Shay D’s new album Figure Of Speech covers topics from domestic violence to gentrification. “If my song can highlight that problem for someone to talk about, maybe there might be a little revolution in someone’s mind or their life – that’s what I use hip-hop for. My music needs to have a purpose or a message otherwise I wouldn’t make it.” Unlike other artists whose musical inspirations are typically other musicians, Shay is more likely to be motivated by events going on around her, or sounds themselves. Playing with her long thick hair she explains: “Music influences me, like actual beats and sounds. I’ll listen to James Blake and then he’ll do this really haunting riff on something and I’m like ‘oh that’s just made me feel really emotional about this.’ So I’ll write about that.”
The album itself was written partially on holiday. “I was writing, I was going to work, doing gigs, rehearsing, going to studios. It was really fragmented and when I had about six or seven songs, I was like, ‘you know what, I’m never going to do this, I need to go away somewhere.’ So I went to Cyprus for ten days.” Shay has a defined idea of how she wants her music to sound. Although she loves the new heavier sounds she thrives on a more “low melancholic” vibe, which can be heard on tracks such as 'Get Money' and 'Bad Boy' with Somali singer Faisal Salah, an artist she adores. “He opens his mouth and everyone shuts the fuck up. It’s almost like prayer song but he writes his own stuff. He’s got a really husky sad sound.” It’s a voice that complements her music. The whole album lends itself to a much more 90s infused style of hip-hop, but this is something Shay loves – citing artists like Mobb Deep and Tupac among her favourites.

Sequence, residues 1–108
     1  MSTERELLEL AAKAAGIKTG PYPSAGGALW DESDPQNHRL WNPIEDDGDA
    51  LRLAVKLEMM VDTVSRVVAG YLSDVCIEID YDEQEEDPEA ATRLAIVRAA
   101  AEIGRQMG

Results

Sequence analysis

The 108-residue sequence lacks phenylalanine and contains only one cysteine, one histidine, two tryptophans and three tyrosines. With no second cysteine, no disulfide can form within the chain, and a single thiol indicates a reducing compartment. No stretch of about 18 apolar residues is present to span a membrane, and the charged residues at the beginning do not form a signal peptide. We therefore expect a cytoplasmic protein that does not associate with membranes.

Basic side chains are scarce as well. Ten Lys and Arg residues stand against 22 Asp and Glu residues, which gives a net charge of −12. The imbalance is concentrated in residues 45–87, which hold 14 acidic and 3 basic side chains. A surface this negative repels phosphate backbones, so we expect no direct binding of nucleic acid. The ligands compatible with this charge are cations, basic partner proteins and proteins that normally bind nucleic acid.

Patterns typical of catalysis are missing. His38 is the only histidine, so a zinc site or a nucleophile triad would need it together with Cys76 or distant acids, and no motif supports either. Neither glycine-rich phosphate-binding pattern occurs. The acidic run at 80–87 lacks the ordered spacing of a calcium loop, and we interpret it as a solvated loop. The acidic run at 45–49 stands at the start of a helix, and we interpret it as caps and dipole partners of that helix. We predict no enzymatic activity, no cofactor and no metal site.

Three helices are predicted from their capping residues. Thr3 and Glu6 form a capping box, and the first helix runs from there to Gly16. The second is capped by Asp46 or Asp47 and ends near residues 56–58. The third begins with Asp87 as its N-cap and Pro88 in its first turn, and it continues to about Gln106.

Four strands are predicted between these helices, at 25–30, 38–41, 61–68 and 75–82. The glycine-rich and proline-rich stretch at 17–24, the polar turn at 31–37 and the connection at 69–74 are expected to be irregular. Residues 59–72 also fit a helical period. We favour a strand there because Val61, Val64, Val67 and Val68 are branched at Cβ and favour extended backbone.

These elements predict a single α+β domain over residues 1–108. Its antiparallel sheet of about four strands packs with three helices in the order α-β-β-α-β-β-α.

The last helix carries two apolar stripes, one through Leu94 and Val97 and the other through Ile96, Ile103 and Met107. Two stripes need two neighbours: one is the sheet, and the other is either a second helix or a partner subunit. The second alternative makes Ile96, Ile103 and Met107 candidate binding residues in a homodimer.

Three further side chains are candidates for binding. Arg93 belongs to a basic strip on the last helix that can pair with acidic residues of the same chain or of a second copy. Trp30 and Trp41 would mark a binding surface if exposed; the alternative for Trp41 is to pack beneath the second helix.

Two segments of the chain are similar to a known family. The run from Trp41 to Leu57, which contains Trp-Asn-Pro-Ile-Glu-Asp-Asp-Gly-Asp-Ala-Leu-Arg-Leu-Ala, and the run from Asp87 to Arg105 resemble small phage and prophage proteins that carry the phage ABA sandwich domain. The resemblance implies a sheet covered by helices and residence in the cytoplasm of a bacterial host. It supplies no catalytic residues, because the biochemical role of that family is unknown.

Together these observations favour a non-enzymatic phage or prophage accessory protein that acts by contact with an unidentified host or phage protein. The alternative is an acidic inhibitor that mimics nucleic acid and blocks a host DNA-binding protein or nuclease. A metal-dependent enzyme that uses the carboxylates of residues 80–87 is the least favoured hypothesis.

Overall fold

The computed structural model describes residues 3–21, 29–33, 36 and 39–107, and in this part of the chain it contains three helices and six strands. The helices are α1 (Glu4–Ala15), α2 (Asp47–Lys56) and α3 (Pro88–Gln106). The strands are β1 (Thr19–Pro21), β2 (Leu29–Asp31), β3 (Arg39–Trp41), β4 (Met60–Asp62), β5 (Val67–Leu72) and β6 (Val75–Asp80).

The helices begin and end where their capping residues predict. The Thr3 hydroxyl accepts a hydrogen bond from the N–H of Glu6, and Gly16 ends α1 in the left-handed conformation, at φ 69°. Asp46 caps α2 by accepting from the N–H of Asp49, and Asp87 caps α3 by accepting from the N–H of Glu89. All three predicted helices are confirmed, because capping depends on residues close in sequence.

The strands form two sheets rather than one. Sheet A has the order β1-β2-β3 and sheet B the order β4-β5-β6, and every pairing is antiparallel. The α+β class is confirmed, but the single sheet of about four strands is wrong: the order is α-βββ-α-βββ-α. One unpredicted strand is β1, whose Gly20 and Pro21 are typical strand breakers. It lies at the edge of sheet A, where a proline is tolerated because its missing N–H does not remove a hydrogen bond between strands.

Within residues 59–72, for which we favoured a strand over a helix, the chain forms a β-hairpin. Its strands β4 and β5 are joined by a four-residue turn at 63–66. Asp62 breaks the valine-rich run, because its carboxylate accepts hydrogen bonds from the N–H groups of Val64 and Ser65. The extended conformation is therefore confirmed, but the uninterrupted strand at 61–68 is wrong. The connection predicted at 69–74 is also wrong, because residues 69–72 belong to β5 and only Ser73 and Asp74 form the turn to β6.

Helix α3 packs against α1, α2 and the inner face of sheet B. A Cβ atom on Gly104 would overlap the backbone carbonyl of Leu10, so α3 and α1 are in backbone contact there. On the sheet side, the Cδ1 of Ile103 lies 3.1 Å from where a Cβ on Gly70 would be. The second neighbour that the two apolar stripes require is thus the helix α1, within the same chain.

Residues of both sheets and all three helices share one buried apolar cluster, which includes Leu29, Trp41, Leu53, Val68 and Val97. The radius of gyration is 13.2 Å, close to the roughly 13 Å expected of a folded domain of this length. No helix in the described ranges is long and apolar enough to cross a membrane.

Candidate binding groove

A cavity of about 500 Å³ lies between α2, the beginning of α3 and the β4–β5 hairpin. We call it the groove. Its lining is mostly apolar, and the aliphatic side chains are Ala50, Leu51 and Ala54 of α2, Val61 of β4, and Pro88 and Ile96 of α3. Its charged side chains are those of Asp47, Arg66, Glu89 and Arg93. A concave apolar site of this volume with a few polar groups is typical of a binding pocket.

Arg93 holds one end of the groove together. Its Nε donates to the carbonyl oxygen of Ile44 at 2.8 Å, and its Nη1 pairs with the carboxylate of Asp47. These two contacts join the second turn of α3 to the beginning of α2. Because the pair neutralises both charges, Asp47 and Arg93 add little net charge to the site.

The artwork of the album, produced by South London artist JOYce Treasures, references Shay’s Iranian heritage. It’s a portrait of the artist made up from her lyrics, traditional Middle Eastern patterns and a poem she wrote, which was handwritten and translated into Farsi by her mother. Explaining the cover she says: “The top of my head is a Phoenix, that’s from Iranian mythology, and the poem makes up the clothes. And around the face, it says Figure of Speech into the hair. She [JOYce] put so much thought into this, man, I really love it.”
Beyond the music Shay struggles with being the centre of attention and asking a room of people to hear her speak. The idea of making everything about her disturbs her soul. Screwing her face up, her confident voice softens: “Sometimes I’m even like, why am I doing this, who cares? It’s weird you have these really dark places as an artist. Where you’re anxious because it’s such an arrogant role to be in and it feels narcissistic. It’s really weird, it’s such a weird medium.”
Moving forward, Shay plans to tour the album internationally, has a booking in Athens and expects to play Norway, Switzerland and the Czech Republic. She is on the line-up for this summer’s Boom Bap Festival in Suffolk, UK. As she gathers up her things she reiterates her sentiment that she is here to make music that spreads a message: “I try to go out of my way to have a very human connection with an audience and try to be really humble. I’m not perfect. I am not the best rapper in the world. I am doing this for all of us. I really try to go out of my way to be like that."
– – –